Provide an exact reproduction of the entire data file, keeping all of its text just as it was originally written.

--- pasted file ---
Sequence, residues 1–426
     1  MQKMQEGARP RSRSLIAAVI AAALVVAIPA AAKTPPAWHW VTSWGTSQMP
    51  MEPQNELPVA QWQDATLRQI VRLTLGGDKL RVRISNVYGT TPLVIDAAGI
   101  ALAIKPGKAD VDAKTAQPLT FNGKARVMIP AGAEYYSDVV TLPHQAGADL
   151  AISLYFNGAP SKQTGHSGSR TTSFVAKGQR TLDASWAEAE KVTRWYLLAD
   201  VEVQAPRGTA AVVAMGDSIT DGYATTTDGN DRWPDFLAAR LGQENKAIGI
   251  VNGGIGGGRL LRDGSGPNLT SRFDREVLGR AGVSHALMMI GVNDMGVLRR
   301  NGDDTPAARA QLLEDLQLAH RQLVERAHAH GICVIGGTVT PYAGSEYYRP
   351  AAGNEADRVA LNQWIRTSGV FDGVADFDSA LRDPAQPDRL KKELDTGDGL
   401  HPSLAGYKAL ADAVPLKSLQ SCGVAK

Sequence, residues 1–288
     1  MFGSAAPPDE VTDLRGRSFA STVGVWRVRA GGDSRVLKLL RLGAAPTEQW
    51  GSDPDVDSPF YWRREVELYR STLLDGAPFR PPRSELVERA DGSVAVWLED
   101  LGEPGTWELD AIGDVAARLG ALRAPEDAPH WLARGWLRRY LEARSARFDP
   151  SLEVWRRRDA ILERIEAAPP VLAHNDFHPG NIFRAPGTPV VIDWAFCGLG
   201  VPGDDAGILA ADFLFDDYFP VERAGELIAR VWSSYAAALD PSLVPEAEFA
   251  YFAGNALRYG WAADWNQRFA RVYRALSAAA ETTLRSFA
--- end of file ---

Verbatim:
Sequence, residues 1–426
     1  MQKMQEGARP RSRSLIAAVI AAALVVAIPA AAKTPPAWHW VTSWGTSQMP
    51  MEPQNELPVA QWQDATLRQI VRLTLGGDKL RVRISNVYGT TPLVIDAAGI
   101  ALAIKPGKAD VDAKTAQPLT FNGKARVMIP AGAEYYSDVV TLPHQAGADL
   151  AISLYFNGAP SKQTGHSGSR TTSFVAKGQR TLDASWAEAE KVTRWYLLAD
   201  VEVQAPRGTA AVVAMGDSIT DGYATTTDGN DRWPDFLAAR LGQENKAIGI
   251  VNGGIGGGRL LRDGSGPNLT SRFDREVLGR AGVSHALMMI GVNDMGVLRR
   301  NGDDTPAARA QLLEDLQLAH RQLVERAHAH GICVIGGTVT PYAGSEYYRP
   351  AAGNEADRVA LNQWIRTSGV FDGVADFDSA LRDPAQPDRL KKELDTGDGL
   401  HPSLAGYKAL ADAVPLKSLQ SCGVAK

Sequence, residues 1–288
     1  MFGSAAPPDE VTDLRGRSFA STVGVWRVRA GGDSRVLKLL RLGAAPTEQW
    51  GSDPDVDSPF YWRREVELYR STLLDGAPFR PPRSELVERA DGSVAVWLED
   101  LGEPGTWELD AIGDVAARLG ALRAPEDAPH WLARGWLRRY LEARSARFDP
   151  SLEVWRRRDA ILERIEAAPP VLAHNDFHPG NIFRAPGTPV VIDWAFCGLG
   201  VPGDDAGILA ADFLFDDYFP VERAGELIAR VWSSYAAALD PSLVPEAEFA
   251  YFAGNALRYG WAADWNQRFA RVYRALSAAA ETTLRSFA